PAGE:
1. Billions & Billions by Carl Sagan
Carl Sagan was one of the most brilliant human beings to walk the planet. He brings his insight to concepts like creation myths, the expanding universe, the history of man, communication, technology, public policy, and mortality in his book, Billions & Billions. It’s basically his commentary on topics we concern ourselves with and it’s done in a way that the average person can understand. If you’ve seen or read Sagan’s Cosmos or are hip to Neil deGrasse Tyson’s recent take on it, then you know the type of genius that we are dealing with here.
2. Food Of The Gods by Terence McKenna
Terence McKenna was like a modern day Plato. People labeled him a thinker, philosopher, psychonaut, and anthropologist among many other titles. Food Of The Gods is a discussion around human evolution, our departure from the natural world, a history of spirituality, and a look at how rapid the evolution of the human brain was in the last 100,000 years. McKenna asserts that early man was accidentally introduced to psilocybin and other psychoactive plants in trace amounts during his gathering of food in Africa. The influence on our diet was astounding to the point that he asserts it may have been responsible for “all the mental functions that we associate with humanness.” We’re human, yes, but much if not all of that is thanks to the earth, the plant world, and everything else that we were exposed to throughout our history. We don’t think about that enough.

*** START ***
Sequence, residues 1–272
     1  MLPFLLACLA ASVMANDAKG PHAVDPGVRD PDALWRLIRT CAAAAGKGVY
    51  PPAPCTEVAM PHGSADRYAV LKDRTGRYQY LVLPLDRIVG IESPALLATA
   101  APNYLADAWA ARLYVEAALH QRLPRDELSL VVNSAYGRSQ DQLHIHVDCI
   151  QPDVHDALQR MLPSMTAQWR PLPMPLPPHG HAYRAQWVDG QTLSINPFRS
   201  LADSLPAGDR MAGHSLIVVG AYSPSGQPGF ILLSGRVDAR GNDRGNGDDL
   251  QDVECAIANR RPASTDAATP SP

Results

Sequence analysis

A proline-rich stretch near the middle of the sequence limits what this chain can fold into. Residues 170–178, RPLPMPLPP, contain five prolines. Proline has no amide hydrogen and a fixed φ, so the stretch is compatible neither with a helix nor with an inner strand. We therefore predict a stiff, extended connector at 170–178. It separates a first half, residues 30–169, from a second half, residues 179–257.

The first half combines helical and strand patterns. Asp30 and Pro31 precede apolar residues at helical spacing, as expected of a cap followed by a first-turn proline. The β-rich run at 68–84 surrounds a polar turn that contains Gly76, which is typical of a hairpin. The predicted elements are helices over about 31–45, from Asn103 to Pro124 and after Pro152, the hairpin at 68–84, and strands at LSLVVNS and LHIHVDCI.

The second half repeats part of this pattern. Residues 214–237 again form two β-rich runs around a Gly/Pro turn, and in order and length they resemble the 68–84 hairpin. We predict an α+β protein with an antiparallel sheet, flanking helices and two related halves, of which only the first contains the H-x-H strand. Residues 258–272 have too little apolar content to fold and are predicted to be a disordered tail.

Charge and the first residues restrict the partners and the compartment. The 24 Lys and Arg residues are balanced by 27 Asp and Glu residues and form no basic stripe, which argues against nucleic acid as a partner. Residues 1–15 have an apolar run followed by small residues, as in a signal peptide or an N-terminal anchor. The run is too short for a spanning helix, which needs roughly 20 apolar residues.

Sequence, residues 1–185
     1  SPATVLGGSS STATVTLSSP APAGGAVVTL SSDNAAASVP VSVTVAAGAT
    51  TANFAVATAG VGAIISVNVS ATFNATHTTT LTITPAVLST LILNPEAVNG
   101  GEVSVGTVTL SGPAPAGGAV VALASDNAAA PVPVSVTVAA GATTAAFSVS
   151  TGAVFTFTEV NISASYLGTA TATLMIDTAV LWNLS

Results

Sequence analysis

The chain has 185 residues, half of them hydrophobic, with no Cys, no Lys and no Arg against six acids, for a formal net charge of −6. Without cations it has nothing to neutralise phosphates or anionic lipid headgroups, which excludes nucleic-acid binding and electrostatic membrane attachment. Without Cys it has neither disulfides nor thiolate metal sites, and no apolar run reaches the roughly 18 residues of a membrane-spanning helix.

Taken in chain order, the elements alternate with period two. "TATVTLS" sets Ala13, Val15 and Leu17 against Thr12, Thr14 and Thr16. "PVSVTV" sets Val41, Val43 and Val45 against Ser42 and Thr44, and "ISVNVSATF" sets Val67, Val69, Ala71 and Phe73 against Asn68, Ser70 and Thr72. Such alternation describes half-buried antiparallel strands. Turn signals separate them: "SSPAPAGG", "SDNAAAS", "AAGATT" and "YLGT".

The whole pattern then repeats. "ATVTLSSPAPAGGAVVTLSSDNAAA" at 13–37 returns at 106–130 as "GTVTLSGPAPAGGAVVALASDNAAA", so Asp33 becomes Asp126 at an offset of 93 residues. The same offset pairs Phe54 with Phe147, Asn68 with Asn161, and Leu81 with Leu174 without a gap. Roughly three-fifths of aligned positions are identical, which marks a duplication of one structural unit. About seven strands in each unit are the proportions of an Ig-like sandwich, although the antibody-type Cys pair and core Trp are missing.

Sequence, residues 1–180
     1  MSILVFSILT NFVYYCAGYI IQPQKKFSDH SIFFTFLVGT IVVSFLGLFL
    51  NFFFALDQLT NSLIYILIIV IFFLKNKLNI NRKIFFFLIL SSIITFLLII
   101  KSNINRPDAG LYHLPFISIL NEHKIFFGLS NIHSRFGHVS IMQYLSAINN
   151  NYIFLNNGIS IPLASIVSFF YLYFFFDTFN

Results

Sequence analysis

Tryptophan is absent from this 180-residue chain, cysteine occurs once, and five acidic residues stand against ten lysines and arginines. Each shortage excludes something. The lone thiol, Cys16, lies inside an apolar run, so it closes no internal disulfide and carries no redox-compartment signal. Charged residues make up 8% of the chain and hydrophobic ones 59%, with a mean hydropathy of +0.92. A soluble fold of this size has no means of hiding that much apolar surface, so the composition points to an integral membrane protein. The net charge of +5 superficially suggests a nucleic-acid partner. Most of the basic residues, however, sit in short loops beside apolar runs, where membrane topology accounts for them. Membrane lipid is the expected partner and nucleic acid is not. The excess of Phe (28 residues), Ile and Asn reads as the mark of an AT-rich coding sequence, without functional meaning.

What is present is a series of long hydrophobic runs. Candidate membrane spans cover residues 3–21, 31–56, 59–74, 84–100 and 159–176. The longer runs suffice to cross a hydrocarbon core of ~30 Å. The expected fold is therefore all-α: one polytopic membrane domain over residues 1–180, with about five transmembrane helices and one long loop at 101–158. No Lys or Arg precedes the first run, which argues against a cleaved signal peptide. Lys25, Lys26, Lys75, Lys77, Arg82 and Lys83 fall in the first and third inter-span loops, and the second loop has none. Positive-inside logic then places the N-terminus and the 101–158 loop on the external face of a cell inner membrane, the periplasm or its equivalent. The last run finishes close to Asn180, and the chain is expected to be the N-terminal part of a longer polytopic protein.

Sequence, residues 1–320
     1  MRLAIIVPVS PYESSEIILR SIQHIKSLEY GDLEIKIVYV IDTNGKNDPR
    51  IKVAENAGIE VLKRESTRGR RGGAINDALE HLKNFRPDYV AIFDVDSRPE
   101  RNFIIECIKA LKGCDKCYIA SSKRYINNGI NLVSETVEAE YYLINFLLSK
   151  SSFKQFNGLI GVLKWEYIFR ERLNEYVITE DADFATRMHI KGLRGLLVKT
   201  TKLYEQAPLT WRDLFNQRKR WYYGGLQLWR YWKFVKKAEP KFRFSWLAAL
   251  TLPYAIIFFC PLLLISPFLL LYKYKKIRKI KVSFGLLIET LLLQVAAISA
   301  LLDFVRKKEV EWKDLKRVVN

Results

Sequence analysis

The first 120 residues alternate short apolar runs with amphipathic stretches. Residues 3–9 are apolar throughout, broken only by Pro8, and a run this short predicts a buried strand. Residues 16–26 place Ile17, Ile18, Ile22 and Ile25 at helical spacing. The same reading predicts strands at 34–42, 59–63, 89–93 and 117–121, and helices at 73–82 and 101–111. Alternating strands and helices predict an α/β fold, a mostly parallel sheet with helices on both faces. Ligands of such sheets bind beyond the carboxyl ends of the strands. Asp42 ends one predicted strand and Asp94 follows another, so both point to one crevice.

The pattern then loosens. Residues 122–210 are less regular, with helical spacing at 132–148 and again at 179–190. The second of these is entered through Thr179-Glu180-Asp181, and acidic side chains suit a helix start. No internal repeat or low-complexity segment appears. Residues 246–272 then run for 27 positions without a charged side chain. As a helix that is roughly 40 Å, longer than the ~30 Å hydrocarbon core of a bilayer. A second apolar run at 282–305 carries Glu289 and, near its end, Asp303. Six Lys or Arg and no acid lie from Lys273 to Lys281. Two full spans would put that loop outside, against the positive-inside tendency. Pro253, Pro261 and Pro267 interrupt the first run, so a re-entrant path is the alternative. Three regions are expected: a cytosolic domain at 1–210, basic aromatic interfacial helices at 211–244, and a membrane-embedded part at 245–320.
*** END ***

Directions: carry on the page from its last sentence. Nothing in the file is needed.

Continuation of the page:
3. Fooled By Randomness by Nassim Nicholas Taleb
Fooled By Randomness reveals the role of chance and luck in everything that happens in life. Our perception of luck is often mistaken as something more deserved in both our professional and personal lives. It is easy to play Monday morning quarterback and connect the dots in anyway we see fit after we have reached a certain goal. Taleb discusses how people become “winners” in society, exceptions vs. the rule, playing big fish in a little pond, survivorship bias and everything else we concern ourselves with that has anything to do with the misunderstood force of randomness in society.
4. A People’s History Of The USA by Howard Zinn
This book was probably not assigned to you in K-12 (maybe at university though). That is because Howard Zinn, one of the top political and historical scholars of the last century, presents American history from the perspective of the average citizen and not the rich and powerful. It is the story of the worker, the laborer, the everyday men and women fighting for their stake in the still developing country that we live in. He sheds light on everything from Columbus to The Civil War to Vietnam to the seventies and all the way up to the 2000s. Matt Damon’s character in Good Will Hunting refers to the book by saying, “that book will knock you on your ass.” Enough said.
5. How To Practice The Way To A Meaningful Life by His Holiness the Dalai Lama
This book shouldn’t need to be seen as radical, but the problem is that people lose sight of what is moral and good in life. You don’t have to be a Buddhist to appreciate the commentary of His Holiness the Dalai Lama and religious scholar Jeffrey Hopkins on how to practice morality. It is a friendly reminder to think about how your thoughts and actions are impacting the world and everyone else in it. Consider your own life, if you are living it the way you would like, and if you are positively contributing to yourself and others. If you’re completely lost and need a fresh start, read this book first. It will help you find wisdom, meaning, and the middle way.